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Philip Glass: Glassworks
     

Philip Glass: Glassworks

by Philip Glass
 

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The usual stuff is here: arpeggio versus ostinato, ostinato versus arpeggio. And as always, the Philip Glass Ensemble's synthesizers double their woodwinds. But Glassworks is the most pleasant craftwork ever from the great minimalist exploiter -- six warm pieces that approach the spirit of minimalist pioneer Erik Satie

Overview

The usual stuff is here: arpeggio versus ostinato, ostinato versus arpeggio. And as always, the Philip Glass Ensemble's synthesizers double their woodwinds. But Glassworks is the most pleasant craftwork ever from the great minimalist exploiter -- six warm pieces that approach the spirit of minimalist pioneer Erik Satie. Only instead of Satie's lyrical-to-antic jumps, Glass creates the ruminative-to-excitable kind. "Opening"'s softly rolled piano melody is music to fold your hands and muse by, and when Sharon Moe's French horn sets up "Floe," everything seems nice and level -- until the flailing woodwinds and synthesizers of the ensemble crash in. Glassworks is tuneful in the most pleasingly direct sense -- the arrangements define the melodies so cleanly they're instantly memorable. In addition, the album is programmed with a particular shape in mind. It's kind of a waveform, where every other relaxed melody is upset by a classic Glass rush -- "Floe" is even outpaced by "Rubric"'s honking saxophones and enough cascading counterpoint to give David Helfgoff a case of carpal tunnel syndrome. These two tunes are so disruptive, so complex, that it's easy to think that they dominate the whole project. But they're also the shortest tunes on the album. Most of the time, harmonies bob around in the strings and woodwinds, though Jon Gibson's soprano sax glides atop "Facades." "Closing," based on "Opening" (funny), contains his second prettiest orchestration after the finale of Satyagraha. In fact, it's probably the source of Glass' subsequent reputation in the new age music industry. Of interest to those who keep up with Glass' re-use of his work: "Rubric" was originally intended for use in Godfrey Reggio's movie Koyanisqqaatsi. It was re-used along with "Facades" on the 1987 album Dancepieces. "Opening," "Floe," "Facades," and "Rubric" were performed in Peter Greenaway's film 4 American Composers, devoted to Glass and his ensemble; in this performance segment, Dora Ohrenstein's vocals replace "Floe"'s brass section.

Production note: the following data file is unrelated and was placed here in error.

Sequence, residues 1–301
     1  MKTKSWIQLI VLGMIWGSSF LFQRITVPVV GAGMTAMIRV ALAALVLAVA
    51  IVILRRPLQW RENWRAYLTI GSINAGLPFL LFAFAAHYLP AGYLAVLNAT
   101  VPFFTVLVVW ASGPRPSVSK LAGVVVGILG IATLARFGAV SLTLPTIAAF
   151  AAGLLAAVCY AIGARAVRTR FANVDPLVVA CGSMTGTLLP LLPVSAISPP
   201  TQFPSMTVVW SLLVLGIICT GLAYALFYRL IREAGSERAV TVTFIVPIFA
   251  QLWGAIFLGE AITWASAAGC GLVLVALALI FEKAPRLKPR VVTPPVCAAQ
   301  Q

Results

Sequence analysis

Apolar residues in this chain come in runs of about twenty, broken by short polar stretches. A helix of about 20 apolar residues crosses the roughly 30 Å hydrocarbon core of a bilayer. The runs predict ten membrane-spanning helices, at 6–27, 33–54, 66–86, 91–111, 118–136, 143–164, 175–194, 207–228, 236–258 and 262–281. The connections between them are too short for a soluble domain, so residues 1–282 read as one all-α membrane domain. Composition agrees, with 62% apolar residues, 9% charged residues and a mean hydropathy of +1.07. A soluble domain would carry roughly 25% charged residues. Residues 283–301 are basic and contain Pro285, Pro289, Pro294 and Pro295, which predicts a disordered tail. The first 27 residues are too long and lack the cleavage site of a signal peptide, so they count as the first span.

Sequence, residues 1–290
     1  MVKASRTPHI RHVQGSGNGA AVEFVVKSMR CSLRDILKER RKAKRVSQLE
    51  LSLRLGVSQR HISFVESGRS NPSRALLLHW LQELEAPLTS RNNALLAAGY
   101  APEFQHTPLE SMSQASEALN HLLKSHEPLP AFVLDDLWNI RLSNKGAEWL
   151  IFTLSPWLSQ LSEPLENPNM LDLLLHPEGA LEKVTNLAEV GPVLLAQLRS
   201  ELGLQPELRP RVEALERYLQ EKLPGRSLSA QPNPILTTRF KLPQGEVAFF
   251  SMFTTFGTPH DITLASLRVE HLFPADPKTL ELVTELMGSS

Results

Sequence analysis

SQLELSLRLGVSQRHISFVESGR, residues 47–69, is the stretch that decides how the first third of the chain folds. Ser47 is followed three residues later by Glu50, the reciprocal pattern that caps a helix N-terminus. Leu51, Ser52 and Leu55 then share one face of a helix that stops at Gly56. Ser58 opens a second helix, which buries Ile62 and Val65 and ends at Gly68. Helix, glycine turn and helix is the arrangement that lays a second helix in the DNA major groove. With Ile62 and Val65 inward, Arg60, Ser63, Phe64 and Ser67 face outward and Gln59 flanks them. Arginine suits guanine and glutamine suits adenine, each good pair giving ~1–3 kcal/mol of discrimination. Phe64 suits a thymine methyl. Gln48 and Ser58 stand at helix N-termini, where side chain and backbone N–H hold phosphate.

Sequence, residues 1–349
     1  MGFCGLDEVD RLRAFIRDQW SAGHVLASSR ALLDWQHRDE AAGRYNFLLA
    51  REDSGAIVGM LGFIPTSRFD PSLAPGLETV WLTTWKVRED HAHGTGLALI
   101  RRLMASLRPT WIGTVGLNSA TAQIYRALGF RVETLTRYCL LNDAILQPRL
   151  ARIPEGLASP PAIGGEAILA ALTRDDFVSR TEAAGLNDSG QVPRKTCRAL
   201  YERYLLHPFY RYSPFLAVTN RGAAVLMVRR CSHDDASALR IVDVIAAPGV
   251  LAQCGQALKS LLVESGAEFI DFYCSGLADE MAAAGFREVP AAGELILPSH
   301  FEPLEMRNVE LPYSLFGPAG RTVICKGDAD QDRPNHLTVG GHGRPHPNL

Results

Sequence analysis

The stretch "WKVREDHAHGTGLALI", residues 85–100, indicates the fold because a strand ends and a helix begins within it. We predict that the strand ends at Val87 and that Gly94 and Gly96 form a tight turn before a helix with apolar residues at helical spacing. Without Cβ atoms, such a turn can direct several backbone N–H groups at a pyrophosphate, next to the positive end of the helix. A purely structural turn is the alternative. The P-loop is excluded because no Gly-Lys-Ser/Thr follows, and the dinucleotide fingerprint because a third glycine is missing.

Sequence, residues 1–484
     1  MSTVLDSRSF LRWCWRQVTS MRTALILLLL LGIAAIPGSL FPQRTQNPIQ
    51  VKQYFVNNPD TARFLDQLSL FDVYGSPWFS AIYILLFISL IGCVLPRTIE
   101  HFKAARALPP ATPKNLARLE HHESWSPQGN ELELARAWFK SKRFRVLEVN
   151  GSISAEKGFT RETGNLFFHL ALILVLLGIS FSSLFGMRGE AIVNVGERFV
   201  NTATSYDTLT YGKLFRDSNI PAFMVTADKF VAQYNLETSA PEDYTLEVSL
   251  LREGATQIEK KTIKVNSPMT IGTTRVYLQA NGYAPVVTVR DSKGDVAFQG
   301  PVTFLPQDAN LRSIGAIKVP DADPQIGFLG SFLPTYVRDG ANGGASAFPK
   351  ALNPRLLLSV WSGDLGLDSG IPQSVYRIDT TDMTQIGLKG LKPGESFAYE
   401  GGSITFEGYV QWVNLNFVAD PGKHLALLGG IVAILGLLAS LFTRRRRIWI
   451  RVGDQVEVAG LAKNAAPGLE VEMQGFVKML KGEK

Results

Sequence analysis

Product Details

Release Date:
10/25/1990
Label:
Sony
UPC:
0074643726528
catalogNumber:
37265

Related Subjects

Tracks

  1. Opening, for chamber ensemble or piano  - Philip Glass
  2. Floe  - Philip Glass
  3. Island  - Philip Glass
  4. Rubric  - Philip Glass
  5. Façades, for 2 flutes (or saxophones) & strings  - Philip Glass
  6. Closing  - Philip Glass

Album Credits

Performance Credits

Philip Glass   Primary Artist,Organ,Keyboards
Brown   Viola
Jon Gibson   Soprano Saxophone
Jonathan Abramowitz   Cello
Seymour Barab   Cello
Julien Barber   Viola
Jack Kripl   Clarinet,Bass Clarinet,Piccolo,Soprano Saxophone
Lois Martin   Viola
Sharon Moe   French Horn
Richard Peck   Tenor Saxophone
Michael Riesman   Organ,Synthesizer,Piano,Conductor,Synthesizer Bass
Larry Wechsler   French Horn
Frederick Zlotkin   Cello
Linda Moss   Viola
Maureen Gallagher   Viola
John Abramowitz   Cello
Philip Glass Ensemble   Ensemble

Technical Credits

Philip Glass   Arranger,Producer
Kurt Munkasci   Producer,Engineer
Michael Riesman   Engineer
Henrietta Condak   Cover Design

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